Though some restaurants will give you the dainty and dexterous mini-spatulas with okonomiyaki, you’re often stuck with chopsticks to try and cut up the pancake, which can be tricky.
Total score: Okonomiyaki 1 -- Monja 1
More on CNN: Best okonomiyaki in Osaka
Round 3: Variety
The Osaka corner is starting to fade when we get to round three.
While a standard set of toppings and flavor combinations are available for both versions of the dish, okonomiyaki offers more variations, with its Hiroshima style in addition to the Osaka version.
Traditional Osaka style has all ingredients mixed up first and cooked together.
In Hiroshima, they prefer to create the pancake in layers, first with the crepe-like base, then heaps of cabbage or bean sprouts, followed by a fried egg or two and noodles to top it all off.
Total score: Okonomiyaki 2 -- Monja 1
Round 4: Ease of cooking
Monja sneaks in a hit while okonomiyaki turns around.
The Tokyo dish may require cooking the dry ingredients first, then hollowing out a center space for the batter, but in the end it’s all mixed together and stretched out, relaxed in its simplicity.
The fact that okonomiyaki is a taller stack of ingredients and needs to be flipped at just the right time, while still managing to cook the batter through but not overdo it, makes monja the simpleton’s preference.
That’s important, as hale-and-hearty do-it-yourself establishments are the norm for this cuisine.
Total score: Okonomiyaki 2 -- Monja 2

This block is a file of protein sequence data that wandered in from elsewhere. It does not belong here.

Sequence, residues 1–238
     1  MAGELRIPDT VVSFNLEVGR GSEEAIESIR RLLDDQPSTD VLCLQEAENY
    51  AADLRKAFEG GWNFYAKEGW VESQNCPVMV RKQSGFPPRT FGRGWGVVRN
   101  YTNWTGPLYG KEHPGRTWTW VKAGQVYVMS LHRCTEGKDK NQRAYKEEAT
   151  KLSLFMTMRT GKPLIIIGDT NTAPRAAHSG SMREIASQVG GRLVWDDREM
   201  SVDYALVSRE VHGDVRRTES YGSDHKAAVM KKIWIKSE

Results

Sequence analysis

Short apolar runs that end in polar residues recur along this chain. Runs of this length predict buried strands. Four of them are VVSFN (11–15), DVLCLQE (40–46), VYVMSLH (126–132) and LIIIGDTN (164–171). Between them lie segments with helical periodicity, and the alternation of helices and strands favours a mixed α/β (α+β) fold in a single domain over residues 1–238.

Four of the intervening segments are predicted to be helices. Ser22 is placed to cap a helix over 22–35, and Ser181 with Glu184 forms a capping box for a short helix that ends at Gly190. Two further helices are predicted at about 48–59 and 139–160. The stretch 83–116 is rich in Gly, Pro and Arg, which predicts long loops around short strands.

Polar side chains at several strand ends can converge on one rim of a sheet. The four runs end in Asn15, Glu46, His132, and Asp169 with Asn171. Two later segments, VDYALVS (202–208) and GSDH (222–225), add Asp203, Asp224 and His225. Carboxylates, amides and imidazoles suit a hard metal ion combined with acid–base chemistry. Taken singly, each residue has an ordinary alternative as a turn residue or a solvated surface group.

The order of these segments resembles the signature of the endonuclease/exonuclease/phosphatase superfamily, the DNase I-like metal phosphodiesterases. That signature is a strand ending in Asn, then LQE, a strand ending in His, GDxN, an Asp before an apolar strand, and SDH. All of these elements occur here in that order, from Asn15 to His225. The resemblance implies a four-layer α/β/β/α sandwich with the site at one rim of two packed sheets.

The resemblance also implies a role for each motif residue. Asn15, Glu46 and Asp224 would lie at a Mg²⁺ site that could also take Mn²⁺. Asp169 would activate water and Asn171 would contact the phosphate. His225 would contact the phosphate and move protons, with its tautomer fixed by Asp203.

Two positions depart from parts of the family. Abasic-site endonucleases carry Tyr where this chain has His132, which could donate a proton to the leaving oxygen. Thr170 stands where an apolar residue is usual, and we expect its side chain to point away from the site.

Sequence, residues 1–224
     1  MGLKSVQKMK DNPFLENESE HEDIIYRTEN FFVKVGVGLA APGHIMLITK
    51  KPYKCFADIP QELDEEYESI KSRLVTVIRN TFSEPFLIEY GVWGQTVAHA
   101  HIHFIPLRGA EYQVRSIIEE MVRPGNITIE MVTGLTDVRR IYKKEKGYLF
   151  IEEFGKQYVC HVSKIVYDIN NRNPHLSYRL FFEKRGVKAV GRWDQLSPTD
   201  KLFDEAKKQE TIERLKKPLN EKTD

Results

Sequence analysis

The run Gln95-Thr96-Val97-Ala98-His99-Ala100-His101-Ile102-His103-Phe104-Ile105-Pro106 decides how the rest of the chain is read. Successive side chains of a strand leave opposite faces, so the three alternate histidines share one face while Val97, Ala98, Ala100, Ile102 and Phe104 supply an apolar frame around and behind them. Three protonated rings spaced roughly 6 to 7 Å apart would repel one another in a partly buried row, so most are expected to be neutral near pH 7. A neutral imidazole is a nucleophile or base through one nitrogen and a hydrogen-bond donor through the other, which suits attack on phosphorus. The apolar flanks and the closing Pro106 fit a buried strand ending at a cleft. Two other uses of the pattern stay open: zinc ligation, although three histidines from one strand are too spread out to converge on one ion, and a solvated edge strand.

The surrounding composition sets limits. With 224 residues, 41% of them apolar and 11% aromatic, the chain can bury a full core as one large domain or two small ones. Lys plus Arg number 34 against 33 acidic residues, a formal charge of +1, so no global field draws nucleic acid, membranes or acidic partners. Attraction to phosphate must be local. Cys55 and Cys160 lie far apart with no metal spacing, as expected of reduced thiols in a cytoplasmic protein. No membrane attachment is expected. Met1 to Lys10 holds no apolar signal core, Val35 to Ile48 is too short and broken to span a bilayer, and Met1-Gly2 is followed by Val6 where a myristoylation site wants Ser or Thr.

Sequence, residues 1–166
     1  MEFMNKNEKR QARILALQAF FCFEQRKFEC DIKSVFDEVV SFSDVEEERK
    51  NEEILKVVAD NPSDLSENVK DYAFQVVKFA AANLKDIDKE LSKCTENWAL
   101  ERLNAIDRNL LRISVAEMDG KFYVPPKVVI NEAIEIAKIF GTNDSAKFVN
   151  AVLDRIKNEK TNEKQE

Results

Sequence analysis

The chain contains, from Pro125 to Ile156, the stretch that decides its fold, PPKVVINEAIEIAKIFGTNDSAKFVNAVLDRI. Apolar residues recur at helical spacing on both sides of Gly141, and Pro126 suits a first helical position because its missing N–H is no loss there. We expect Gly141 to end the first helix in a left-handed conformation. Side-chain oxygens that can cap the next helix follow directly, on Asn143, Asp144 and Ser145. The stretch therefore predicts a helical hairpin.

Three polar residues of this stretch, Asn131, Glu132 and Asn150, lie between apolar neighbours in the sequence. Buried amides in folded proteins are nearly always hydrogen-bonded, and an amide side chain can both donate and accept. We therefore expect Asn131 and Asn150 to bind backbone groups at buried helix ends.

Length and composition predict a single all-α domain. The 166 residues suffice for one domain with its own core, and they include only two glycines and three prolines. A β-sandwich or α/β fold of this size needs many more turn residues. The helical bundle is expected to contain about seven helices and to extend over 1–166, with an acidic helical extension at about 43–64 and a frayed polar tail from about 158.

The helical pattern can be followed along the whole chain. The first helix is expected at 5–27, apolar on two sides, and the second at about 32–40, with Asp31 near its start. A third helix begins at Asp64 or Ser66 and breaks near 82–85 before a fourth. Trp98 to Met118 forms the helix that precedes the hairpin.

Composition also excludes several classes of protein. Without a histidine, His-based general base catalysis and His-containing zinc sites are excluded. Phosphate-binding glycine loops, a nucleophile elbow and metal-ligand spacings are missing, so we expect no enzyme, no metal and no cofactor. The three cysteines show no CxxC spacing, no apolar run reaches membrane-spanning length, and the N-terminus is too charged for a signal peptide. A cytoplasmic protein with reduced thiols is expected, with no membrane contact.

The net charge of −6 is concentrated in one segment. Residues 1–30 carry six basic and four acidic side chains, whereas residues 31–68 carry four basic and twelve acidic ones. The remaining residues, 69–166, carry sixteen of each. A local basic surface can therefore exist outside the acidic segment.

Round 5: Availability
It seems monja got a little too comfortable lying around on the teppan, as okonomiyaki makes a final victory lunge, squeezing its multi-spout mayonnaise tube and pummeling monja in this final round.
While most monjayaki restaurants also serve okonomiyaki, not all okonomiyaki joints are made for monja.
What’s more, you won’t see the runny, gooey monja on street corners, available for a takeout lunch in the park.
Final score: Okonomiyaki 3 -- Monja 2
We have a winner -- in the Kansai corner, it’s okonomiyaki by a round. Congratulations, Osaka -- have an extra topping on us.
Where to get yours
In Tokyo, Sakura Tei is a hipster haven and rumored local celebrity haunt, with walls covered in bright graffiti and staff that are even more colorful.
Its location on a back alley near Takeshita Dori will impress first-time visitors. The tabehoudai (all you can eat) menu for under ¥2,000 (US$26) gets you 120 minutes of stuff-your-face okonomiyaki, monjayaki, soba-meshi, or whatever takes your fancy.
English menus are available and include illustrations on how to prepare your dish of choice at the table teppan grill. Take the Takeshita Dori Exit from Harajuku Station.
Sakura Tei, 3-20-1 Jingumae, Shibuya-ku, +81 (0) 3 3479 0039; open daily 11 a.m.-11 p.m.; www.sakuratei.co.jp
Tsukishima, also known as Monja Street, is a recommended stop for anyone who wants to experience the real Tokyo original.
About seven blocks of restaurants line Nishinaka Dori, each with their own particular character.
Pick any one that looks inviting and you’re sure to get some delicious food, with both monjayaki and okonomiyaki styles on offer.
Most establishments will do the cooking for you at your tabletop grill, so feel free relax and enjoy a frosty mug of Super Dry. Get there from Exit 7 of Tsukishima Metro Station.
More on CNN: 40 Tokyo foods we can’t live without